If we are to cultivate the art of living, we should cultivate the art of extracting sweetness and comfort out of everything, as the bee goes from flower to flower in search of honey.”
It’s a good reminder. What struck me, though, was that on researching the quote’s origin, I learned it’s from a book written in 1914. Timeless wisdom, indeed.
Do this: cultivate the art of living.
5. “Pleasures with Advancing Years”
Pleasures with Advancing Years – Doris Carnevali – (Engaging Wigh Aging blog)
Carnevali is an inspirational (to me) nonagenarian blogger, writing about her experiences as she ages. I’ve written about her before over on Ask Leo!. Serendipitously following the previous takeaway, in this blog post she lists several of the things that give her pleasure. It’s framed as being within her current abilities (or ARCs; Age-Related Changes, as she calls them), but I’m finding it a wonderful list of often everyday things that we all too frequently take for granted. It’s a list we can all use to remind ourselves of what we have.
Do this: Think about all the things you take for granted.
6. “What was once a unifying symbol . . . is now alienating”
A Fourth of July Symbol of Unity That May No Longer Unite – Sarah Maslin Nir – (New York Times)
I’ve felt this way for some time. The flag of the United States doesn’t stand for what it used to. When I see pickup trucks driving by with large flags flying I know they’re probably not my people. The MAGA bumper sticker confirms it. In other countries our flag has become a symbol of ignorance, anti-science, and bullying.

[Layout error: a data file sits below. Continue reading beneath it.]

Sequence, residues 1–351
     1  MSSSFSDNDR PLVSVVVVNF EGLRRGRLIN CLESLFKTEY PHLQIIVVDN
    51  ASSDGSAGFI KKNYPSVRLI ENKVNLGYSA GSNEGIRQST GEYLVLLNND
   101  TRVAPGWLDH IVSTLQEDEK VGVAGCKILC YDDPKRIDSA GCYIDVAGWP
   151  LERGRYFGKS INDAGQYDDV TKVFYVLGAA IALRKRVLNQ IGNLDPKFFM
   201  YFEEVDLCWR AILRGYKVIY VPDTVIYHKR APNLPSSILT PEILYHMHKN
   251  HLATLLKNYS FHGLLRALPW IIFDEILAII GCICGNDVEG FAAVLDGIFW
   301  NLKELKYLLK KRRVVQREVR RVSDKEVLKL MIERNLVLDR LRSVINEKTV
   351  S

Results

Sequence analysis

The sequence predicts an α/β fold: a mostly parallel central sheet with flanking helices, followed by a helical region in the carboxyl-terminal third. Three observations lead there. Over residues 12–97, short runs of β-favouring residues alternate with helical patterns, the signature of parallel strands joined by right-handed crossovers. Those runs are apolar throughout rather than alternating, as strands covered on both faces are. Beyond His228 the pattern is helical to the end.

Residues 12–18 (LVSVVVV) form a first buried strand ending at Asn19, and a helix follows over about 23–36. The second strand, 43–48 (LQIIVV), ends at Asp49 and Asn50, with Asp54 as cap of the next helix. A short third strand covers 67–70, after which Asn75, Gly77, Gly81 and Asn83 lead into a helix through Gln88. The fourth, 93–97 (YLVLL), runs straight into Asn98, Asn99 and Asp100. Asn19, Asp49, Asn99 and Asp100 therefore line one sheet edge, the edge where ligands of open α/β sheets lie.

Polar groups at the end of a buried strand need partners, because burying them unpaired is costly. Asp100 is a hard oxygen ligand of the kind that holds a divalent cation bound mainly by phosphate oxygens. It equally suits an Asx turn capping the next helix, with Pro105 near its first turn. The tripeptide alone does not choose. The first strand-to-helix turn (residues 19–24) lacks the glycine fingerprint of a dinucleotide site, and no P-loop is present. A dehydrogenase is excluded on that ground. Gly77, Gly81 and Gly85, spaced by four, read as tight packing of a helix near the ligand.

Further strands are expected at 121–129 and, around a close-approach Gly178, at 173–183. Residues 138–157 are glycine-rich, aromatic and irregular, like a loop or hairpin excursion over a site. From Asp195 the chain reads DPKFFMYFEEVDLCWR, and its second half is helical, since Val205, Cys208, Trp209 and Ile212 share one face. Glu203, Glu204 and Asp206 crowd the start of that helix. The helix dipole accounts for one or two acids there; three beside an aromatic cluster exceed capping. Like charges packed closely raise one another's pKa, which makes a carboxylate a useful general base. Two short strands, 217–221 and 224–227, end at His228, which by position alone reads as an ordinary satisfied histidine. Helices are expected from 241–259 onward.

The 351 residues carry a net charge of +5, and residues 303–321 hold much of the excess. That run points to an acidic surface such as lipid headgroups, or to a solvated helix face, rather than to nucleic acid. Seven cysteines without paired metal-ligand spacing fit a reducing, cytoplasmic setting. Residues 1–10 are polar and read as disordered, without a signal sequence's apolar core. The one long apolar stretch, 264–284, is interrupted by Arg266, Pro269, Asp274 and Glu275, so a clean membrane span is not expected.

I’ve come to feel the same way about the word “patriot”. It, too, is being wielded hard and often by the far right as some kind of label or litmus test for its members. I think of myself as a centrist, but the far right has perverted the term. Right now I’d shudder at being called a patriot.
For various reasons our flag came down before the previous administration, mostly due to simple wear and tear. Once I saw what was happening, I was reluctant to replace it, though I eventually did — at roughly “the” moment on our most recent inauguration day.
I hope it can stay.
Do this: think about what the flag, and “patriot”, might mean to you.
7. “We all need practice”
How to Think like Shakespeare – Scott Newstok – (ebook)
The full quote:
We all need practice in curiosity, intellectual agility, the determination to analyze, commitment to resourceful communication, historically and culturally situated reflectiveness, the confidence to embrace complexity.
As I think I mentioned before, the book comes across as a bit of an indictment against our education system. I can’t disagree. But the statement above caught my eye, as it’s something so fundamental, so critical, and yet so lacking in how we’re taught.
Do this: Practice.
What I’m Reading
In progress (also on GoodReads):
- 90 Days of Creative Motivation -Todd Brison
- The Daily Stoic: 366 Meditations for Clarity, Effectiveness, and Serenity – Ryan Holiday, Stephen Hanselman
- On This Day in History Sh!t Went Down – James Fell